In a plea deal last June, Gilbeau admitted to making false statements about his contacts with Leonard Glenn Francis, also known as "Fat Leonard," a crooked defense contractor from Singapore who has pleaded guilty to bribing scores of Navy officials. At the time, Gilbeau and federal authorities revealed little about the nature and extent of his relationship with Francis.

But in documents filed last week in federal court in San Diego, prosecutors allege that Gilbeau, 56, was corrupted in 1997 when he and another Navy officer met Francis during a port visit to the Indonesian island of Bali and succumbed to the contractor's offer of free hotel rooms, lavish dinners and paid sex.

The relationship continued on a sporadic basis until 2012, according to prosecutors, who said Francis treated Gilbeau to numerous evenings at karaoke bars and luxury restaurants in Singapore, often capped off by assignations with prostitutes.

Prosecutors allege that Gilbeau also pocketed $40,000 in cash bribes from Francis as part of a kickback scheme to overcharge the Navy for pumping wastewater from its ships.

You can read the rest of the piece via the below link:

You can also read my Counterterrorism magazine piece on the Fat Leonard scandal via the below link:

Note: The above U.S. Navy shows Leonard with then-Chariman of the Joint Chiefs, Admiral Mike Mullen.

Smuggling By International Crime Syndicates Is What Keeps Homeland Security Chief Up At Night

David Sherfinski and Stephen Dinan at the Washington Times offer a piece on Secretary of Homeland Security John F. Kelly (seen in the above official photo) and his concern over transnational criminal organizations.

Smuggling cartels are now a major threat to the fabric of American society, Homeland Security Secretary John F. Kelly declared Tuesday, saying the international crime syndicates have shown an incredible ability to sneak drugs and people — and potentially terrorists and dirty bombs — into the U.S.

Mr. Kelly, a former Marine Corps general who is three months into his tenure as secretary, said among all the other dangers facing Americans, the threat from the cartels, known in the security world as “transnational criminal organizations” is what keeps him up at night.

He said the Trump administration has already notched some victories over the criminal networks, including cutting the level of illegal immigration across the southwestern border by a staggering 70 percent. But he said the amount of drugs has increased and that the smuggling cartels share ties with the terrorist networks that the U.S. is fighting overseas.

“We know, as an example, that the money-laundering of massive amounts of profit from the U.S. drug demand — there are terrorist organizations that make money from that money-laundering process,” he said. “It’s an incredibly lucrative way to raise money. They’re not doing it in huge amounts yet, I don’t believe. But to me, it would be a next step. So the nexus between criminal networks and terrorist networks is real, and, I would predict, will get more sophisticated.”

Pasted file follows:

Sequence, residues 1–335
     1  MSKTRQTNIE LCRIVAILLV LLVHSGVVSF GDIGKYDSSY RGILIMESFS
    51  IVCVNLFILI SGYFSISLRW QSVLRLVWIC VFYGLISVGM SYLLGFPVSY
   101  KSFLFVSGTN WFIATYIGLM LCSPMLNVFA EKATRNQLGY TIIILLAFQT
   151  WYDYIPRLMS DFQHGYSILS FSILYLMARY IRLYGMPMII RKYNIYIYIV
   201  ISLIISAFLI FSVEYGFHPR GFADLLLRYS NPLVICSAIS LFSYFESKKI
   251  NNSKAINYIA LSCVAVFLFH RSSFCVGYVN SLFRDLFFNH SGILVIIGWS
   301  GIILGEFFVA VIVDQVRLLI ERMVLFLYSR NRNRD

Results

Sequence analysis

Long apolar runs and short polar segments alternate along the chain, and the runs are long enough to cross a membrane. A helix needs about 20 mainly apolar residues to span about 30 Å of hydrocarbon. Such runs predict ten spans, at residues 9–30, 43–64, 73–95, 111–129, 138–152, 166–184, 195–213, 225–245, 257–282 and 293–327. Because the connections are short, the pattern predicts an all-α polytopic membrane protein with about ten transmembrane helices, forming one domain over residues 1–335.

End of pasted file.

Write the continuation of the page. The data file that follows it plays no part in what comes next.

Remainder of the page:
You can read the rest of the piece via the below link:

Nicodemo "Little Nicky" Scarfo: A Former Philadelphia-South Jersey Cosa Nostra Organized Crime Boss Who Was Just An Old Man Who Died Alone

Veteran organized crime reporter and author George Anastasia offers a piece on the life and death of Philly mob boss Nicodemo “Little Nicky” Scarfo (seen in the center of the above FBI surveillance photo) at 

He was, to borrow an over-used sports term, a game changer. And he, and all those around him, paid a significant price because of it.

Little Nicky Scarfo, the violent Philadelphia-South Jersey mob boss who died in prison earlier this year, played by his own set of rules. The result was chaos. His passing (he died in a federal prison on Jan. 13) attracted front page headlines, but there was little of the pomp and ceremony that used to be de rigueur when a mob boss died. No viewing at a South Broad Street funeral home with lines of mourners stretching out the door and down the block. No FBI agents in unmarked vans taking pictures of crime family members and their associates coming to pay their final respects. No church ceremony with pallbearers carrying an ornate coffin to a waiting black limousine.

There has been little mention of Scarfo’s “final arrangements.” One source said his passing was marked at a private family memorial service and his body was cremated. For all the noise he made while on the streets, Little Nicky went quietly.

You can read the rest of the piece via the below link:

You can also read Philip Leonetti's view of his uncle in my interview with Scarfo's nephew and former underboss via the below link: